“Several different Senate committees have opportunities in their specific jurisdictions to clear the way to an effective overall approach to global warming.  I look forward to working with colleagues on the Senate Energy and Natural Resources Committee to help create this sort of forward momentum.
“I have just gone through a partial list of the key challenges that will face us in the next Congress related to energy and global warming.  I’m sure that many of you can add to this list.
“My immediate plans for the next several weeks, as Chairman of the Senate Energy Committee, are to reach out to and consider the ideas of my colleagues on both sides of the aisle, and on and off the Committee, as we prepare for the next Congress.  Then, when the new Congress convenes, I hope to put forward a starting point for energy legislation that will be both bold and broadly supported.
I think that the Committee has a long history of bipartisanship, stretching back to Senator "Scoop" Jackson in the 1970s, and including important energy laws by past Chairmen such as Bennett Johnston in 1992 and Pete Domenici in 2005.
“Energy is not, in my view, an inherently partisan issue.  If we care about our nation's future, we need to look for the bipartisan, substantive, and forward-looking approach to energy that has marked our successes and progress in the past.  I am looking forward to working with the incoming Obama Administration and my colleagues in Congress to help ensure that that is the case.
“Thank you for inviting me this morning, and I’d be pleased to answer some questions at this point.”

Ten Principles for Climate Legislation
Sen. Jeff Bingaman
1.                  Legislation should be focused directly on the effort to reduce greenhouse gas emissions. We must avoid the temptation to use climate legislation to accomplish a number of different priorities that might be worthwhile, but have little to do with the ultimate goal of reducing emissions.
2.                  We should pass legislation with a minimum of carve-outs for particular states, regions and industries.  The program needs to be sufficiently transparent and straightforward in order to get long-term buy-in from the public.
3.                  Planning should be focused on the near-term and re-evaluated as it evolves.  We need to force a fresh look at the program at least once a decade.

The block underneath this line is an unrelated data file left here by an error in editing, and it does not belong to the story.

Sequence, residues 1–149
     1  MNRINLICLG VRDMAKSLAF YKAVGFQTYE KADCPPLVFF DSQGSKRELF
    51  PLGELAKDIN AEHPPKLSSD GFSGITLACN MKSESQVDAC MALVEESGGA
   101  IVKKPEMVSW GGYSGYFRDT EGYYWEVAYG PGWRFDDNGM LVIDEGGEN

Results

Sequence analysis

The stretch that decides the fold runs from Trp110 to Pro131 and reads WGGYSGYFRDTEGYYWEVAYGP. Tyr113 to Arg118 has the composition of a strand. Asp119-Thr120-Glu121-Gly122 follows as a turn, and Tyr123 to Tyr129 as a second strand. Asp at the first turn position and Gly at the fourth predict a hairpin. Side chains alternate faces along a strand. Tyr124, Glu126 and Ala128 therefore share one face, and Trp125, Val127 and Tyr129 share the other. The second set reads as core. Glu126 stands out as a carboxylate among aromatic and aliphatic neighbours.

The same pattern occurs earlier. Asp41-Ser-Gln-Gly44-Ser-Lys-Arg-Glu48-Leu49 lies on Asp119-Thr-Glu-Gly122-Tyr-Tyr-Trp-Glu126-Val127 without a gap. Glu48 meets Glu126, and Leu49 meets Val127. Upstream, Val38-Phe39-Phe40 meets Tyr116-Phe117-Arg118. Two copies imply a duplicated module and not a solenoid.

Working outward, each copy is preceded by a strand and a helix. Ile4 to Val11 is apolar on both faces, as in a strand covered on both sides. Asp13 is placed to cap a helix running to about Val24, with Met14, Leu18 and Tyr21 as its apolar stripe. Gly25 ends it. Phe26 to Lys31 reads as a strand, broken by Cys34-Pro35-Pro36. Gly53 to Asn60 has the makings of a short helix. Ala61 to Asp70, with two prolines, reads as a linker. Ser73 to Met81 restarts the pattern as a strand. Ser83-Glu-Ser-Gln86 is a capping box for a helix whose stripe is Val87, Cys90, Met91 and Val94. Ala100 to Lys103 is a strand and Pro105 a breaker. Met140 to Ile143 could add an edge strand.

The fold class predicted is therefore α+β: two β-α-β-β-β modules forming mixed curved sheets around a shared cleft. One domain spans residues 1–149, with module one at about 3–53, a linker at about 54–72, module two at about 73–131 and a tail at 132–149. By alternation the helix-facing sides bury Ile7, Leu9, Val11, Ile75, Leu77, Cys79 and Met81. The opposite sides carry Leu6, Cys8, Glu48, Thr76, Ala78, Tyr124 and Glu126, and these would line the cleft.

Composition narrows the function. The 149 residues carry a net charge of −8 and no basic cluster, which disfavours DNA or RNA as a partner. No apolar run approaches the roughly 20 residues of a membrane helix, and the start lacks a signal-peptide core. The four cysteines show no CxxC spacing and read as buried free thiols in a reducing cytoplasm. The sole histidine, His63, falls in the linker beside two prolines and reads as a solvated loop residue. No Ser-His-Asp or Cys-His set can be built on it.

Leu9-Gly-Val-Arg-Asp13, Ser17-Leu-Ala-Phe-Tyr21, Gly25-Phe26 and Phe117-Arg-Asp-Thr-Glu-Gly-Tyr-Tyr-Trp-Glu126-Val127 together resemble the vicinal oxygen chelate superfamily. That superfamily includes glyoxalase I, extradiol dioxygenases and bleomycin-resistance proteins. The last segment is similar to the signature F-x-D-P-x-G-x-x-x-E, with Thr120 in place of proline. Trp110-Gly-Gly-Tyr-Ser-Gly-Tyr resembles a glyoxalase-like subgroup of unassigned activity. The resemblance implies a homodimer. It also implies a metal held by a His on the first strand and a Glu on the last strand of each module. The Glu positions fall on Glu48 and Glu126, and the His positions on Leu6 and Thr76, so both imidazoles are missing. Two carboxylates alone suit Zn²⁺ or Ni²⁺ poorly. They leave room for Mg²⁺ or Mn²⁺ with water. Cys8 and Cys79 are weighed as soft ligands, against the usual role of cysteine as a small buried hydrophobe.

4.                  We need to make use of our existing departments and agencies to administer the programs and Congress needs to be involved in appropriating the funds through existing committee structures.  A significant time and opportunity cost is associated with starting a new institution from scratch.  We need to make good use of the existing institutions we have.
5.                  We need to set ambitious but achievable targets for emission reductions.  Targets are critical to avoid dangerous interference with the climate system, but it will not do us any good to legislate targets that are unattainable or technologically unfeasible.
6.                  We need to provide assurances that the costs will not go out of control, either through excessive prices for emission allowances or excessive volatility. We need to be honest that a new program will have costs.  Those costs are necessary as investments to reduce climate change, but costs that go out of control will merely shake public confidence.
7.                  We need an upfront commitment to technology even before cap and trade legislation could take effect. Especially what is needed is to figure out if carbon capture and storage will work at the scales we will need.
8.                  We need to figure out how any new climate change law will interact with the Clean Air Act.  We need to make clear at the outset that a new climate change law supersedes whatever might be in the Clean Air Act or figure out how to work through the responsibilities covered under each statute.
9.                  We need to ensure that we start the program up in a workable manner, including the initial deadlines and timelines that we set in law. Deadlines for new rulemakings by agencies and departments must be achievable to meet.
10.              There needs to be a single national cap-and-trade program for greenhouse gases.  The energy infrastructure of the United States crosses State boundaries, and energy markets are regional and national in scope.  We cannot effectively regulate something as central to the energy system as carbon dioxide emissions on a state by state basis.